January 27, 2011

National Science Board Seeks Feedback on NSF’s Merit Review Criteria

The National Science Board has convened a task force to undertake a thorough review of the National Science Foundation’s two merit review criteria (Intellectual Merit and Broader Impacts).

As stated in a January 21 “Dear Colleague” letter from NSB Chairman Ray Bowen, the NSF Task Force on Merit Review is now gathering input from a wide variety of stakeholder groups and is requesting comments by March 15, 2011. The Task Force will be developing its report and recommendations during 2011.

According to Bowen’s letter, the Task Force “has been charged to consider all options when developing their final recommendations, from keeping the criteria just as they are to completely rewriting them, or anything in between.”

LBNL Presentation by Dr. Cheryl Kitt, “What’s New In NIH Peer Review: Advice for Grant Applicants”

LBNL will be hosting a presentation by Dr. Cheryl Kitt, Deputy Director of the Center for Scientific Review at the National Institutes for Health on Thursday, February 3, 2011, from 10 am to noon in Building 50 Auditorium on the LBNL campus.

Dr. Kitt’s presentation will be on, “What’s New in NIH Peer Review: Advice for Grant Applicants.”

Background: The NIH and CSR have initiated and implemented new efforts to streamline the peer review process that will affect all applicants. Dr. Kitt will be discussing the many enhancements and changes to the NIH peer review process for grant applications during the last two years. The discussion will focus on these enhancements and changes to the peer review process which are particularly important for current and potential grant applicants and for research administrators interested in navigating the ins and outs of peer review at NIH. This is also a unique opportunity for post-docs and young investigators to gain an inside perspective and ask questions about Scientific Review Committees.

Individuals planning to attend should contact Karen Woo (510) 486-5747 or kmwoo@lbl.gov for information on how to access the LBNL shuttle bus and what materials are needed for LBNL security. Karen can also provide information on how to access the presentation electronically.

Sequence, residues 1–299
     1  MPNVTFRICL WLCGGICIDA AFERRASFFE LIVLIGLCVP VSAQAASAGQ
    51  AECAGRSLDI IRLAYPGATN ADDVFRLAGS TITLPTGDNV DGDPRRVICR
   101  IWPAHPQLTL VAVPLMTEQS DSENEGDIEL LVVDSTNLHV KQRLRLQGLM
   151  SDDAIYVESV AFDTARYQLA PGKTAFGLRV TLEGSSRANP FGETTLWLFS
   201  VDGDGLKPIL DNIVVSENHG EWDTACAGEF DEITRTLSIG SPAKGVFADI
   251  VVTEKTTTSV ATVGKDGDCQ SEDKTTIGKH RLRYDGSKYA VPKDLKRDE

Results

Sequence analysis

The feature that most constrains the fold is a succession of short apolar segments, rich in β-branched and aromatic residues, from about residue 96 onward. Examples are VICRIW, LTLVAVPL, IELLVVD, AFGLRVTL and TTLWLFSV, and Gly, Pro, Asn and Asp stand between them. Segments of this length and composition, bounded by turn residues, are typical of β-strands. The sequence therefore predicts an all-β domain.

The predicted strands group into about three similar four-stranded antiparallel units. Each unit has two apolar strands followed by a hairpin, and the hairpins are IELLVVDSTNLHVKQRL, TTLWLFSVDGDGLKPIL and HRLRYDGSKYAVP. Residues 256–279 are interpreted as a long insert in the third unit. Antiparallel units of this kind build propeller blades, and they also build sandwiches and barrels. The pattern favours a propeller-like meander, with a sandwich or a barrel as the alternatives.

January 13, 2011

UCOP Offering Webinar on International Collaborations and Complying with Regulations for Researchers and Administrators

The UCOP Office of Ethics, Compliance and Audit Services is holding a 90-minute webinar, “International Research Collaborations & Complying with OFAC Regulations: What You Need To Know,” that will help explain the U.S. Treasury Department Office of Foreign Assets Control (OFAC) regulations and how they impact our work. This webinar is intended for researchers engaged in international collaborations and the administrators supporting them. The webinar is scheduled for February 16, 2011, from 10–11:30 a.m.

International research collaborations are an important part of our research enterprise. Researchers are often invited by research institutions in foreign countries to collaborate on projects, provide guidance, travel to and teach in these countries. As we engage in these collaborative activities it is critical that we are aware of how the OFAC regulations affect us, and how we should comply.

OFAC broadly restricts research and related business activities with embargoed countries including Iran, Cuba, Syria and the Sudan. Many of these restrictions require that an OFAC license be obtained prior to engaging in such activity. Failure to obtain a license can result in monetary penalties and sanctions assessed against the individual violator and/or UC as an institution. Within the last two years, OFAC has visibly stepped up its enforcement of compliance among major research institutions.

This session will include practical information on the following:
  • Research Collaborations: importing and exporting materials, samples, equipment and technical data
  • Travel to embargoed countries to attend conferences, conduct research and to teach
  • Peer review and editorial services to researchers based in embargoed countries
  • Responding to inquiries from embargoed countries pertaining to published or web-available research results